Most Americans seen backing FBI bid to tap killer’s iPhone, including survivors


A majority of Americans support the U.S. government’s efforts to force Apple to help unlock an iPhone in the probe of last year’s deadly San Bernardino attacks, a poll showed Monday.

The Pew Research Center survey found 51 percent of respondents supported the effort to require Apple to help unlock the iPhone, while 38 percent said Apple should not unlock the phone to ensure the security of its other users. Eleven percent did not offer an opinion.

In the poll taken from Feb. 18-21 — shortly after news broke about the standoff — 75 percent in the survey said they were aware of the deadlock, with 39 percent saying they had heard “a lot” and 36 percent indicating they heard “a little” about it.

Support for the government’s case was highest among the older poll respondents, by a 54-27 percent margin among those 65 or older.

There was little difference between Democrat and Republican respondents, but independents were nearly split on the issue, with 42 percent siding with Apple to 45 percent for the government.

Smartphone owners were in support of the government by a 51-40 percent margin, but among iPhone owners the support was a bit lower at 47-43 percent.

The researchers surveyed 1,002 American adults by mobile or landline telephone. The margin of error for the full sample was estimated at 3.7 percentage points.

U.S. authorities are seeking to enforce an order to require Apple to provide technical assistance to unlock the iPhone of one of the attackers. Apple and its supporters argue that complying would set a precedent that would weaken security for all users.

Some victims and affected families in December’s mass shooting in California will file documents in support of a U.S. judge’s order that Apple Inc. help the FBI hack into a locked iPhone as part of the investigation, a lawyer said Monday.

Stephen Larson said he represents several families of victims and other employees affected by the San Bernardino shootings. He said the U.S. attorney in the case, Ellen Decker, sought his help. Larson said he will file a brief supporting the Justice Department before March 3.

The brief gives the Justice Department additional support in a case that has sparked a national debate over digital privacy rights and national security interests. The judge ordered Apple last week to assist investigators by creating specialized software that would let the FBI rapidly test random passcode combinations to try to unlock the iPhone and view data stored on it.

The iPhone 5C was used by Syed Farook, who with his wife, Tashfeen Malik, killed 14 people at an office holiday party before they died in a gun battle with police. The government said they had been at least partly inspired by the Islamic State group.

The couple physically destroyed two personal phones so completely that the FBI has been unable to recover information from them.

Larson said the government has a strong case because of Farook’s diminished privacy interests as a “dead, murderous terrorist” and because the phone was owned by his employer, the county government.

According to the Pew Research Center, 51 percent of Americans say Apple should unlock the iPhone to assist the FBI investigation, while 38 percent say Apple should not to ensure the security of other users’ information. Eleven percent gave no opinion. The survey was conducted from Feb. 18 through Feb. 21 among 1,002 adults.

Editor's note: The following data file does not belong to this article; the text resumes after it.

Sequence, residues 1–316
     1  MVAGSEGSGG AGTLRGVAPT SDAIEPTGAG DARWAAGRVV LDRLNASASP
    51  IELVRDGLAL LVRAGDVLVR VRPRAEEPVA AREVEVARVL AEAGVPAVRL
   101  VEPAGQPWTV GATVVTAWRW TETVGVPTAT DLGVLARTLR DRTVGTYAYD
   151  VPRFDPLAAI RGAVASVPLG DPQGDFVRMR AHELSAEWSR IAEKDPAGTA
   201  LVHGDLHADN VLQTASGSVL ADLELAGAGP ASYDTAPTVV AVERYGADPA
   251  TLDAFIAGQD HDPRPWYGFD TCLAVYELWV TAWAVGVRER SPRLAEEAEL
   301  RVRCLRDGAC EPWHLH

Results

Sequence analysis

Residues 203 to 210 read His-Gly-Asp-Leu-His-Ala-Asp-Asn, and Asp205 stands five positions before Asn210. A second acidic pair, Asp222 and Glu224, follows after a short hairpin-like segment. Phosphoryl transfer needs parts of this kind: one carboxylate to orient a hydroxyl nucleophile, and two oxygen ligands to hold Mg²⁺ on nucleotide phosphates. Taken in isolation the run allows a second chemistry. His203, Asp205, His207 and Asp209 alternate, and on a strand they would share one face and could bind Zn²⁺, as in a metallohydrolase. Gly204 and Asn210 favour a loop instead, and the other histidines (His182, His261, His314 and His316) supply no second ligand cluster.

Apple Inc. CEO Tim Cook acknowledged in a letter to employees earlier Monday that “it does not feel right” to refuse to help the FBI, but he said to do so would threaten data security for millions by creating essentially a master key that could later be duplicated and used against other phones.

“We have no tolerance or sympathy for terrorists,” Cook wrote in an email. “When they commit unspeakable acts like the tragic attacks in San Bernardino, we work to help the authorities pursue justice for the victims.”

Cook’s email came hours after FBI director James Comey said in an online post that Apple owes it to the victims to cooperate and the FBI “can’t look the survivors in the eye, or ourselves in the mirror, if we don’t follow this lead.”

Apple’s supporters plan to protest targeting the FBI on Tuesday outside Apple’s stories in about 50 cities in the U.S., Britain, Germany and Hong Kong.

  • pgarcia

    «U.S. authorities are seeking to enforce an order to require Apple to provide technical assistance to unlock the iPhone of one of the attackers. Apple and its supporters argue that complying would set a precedent that would weaken security for all users.»

    1) Apple did assist the FBI since minute one, as they did in many other cases. Actually, FBI ruined a good chance to get all the info by resetting the iCloud password without asking for Apple’s advice on the matter. Now they just want others to mend their gaffe…

    2) They do not want «technical assistance». They want an special version of the OS which would allow them to bypass the security of this phone… but which could be easily used for any other iPhone worldwide. They want the so-called “Back door”.

    3) It’s not just the precedent. Is the fact that that FBI could use that special OS to access any iPhone without court order or people’s consent. But of course FBI are a bunch of amiable friendly people who would never ever do such a thing…, wouldn’t they?

    4) If you build a back door for the ‘good guys’… the ‘bad guys’ could take further advantage of that weakness.

  • Al_Martinez

    Bin Laden continues to chuckle in his grave. How Americans so easily give up their liberties.

  • Jonathan Fields

    Well… Those Americans are stupid.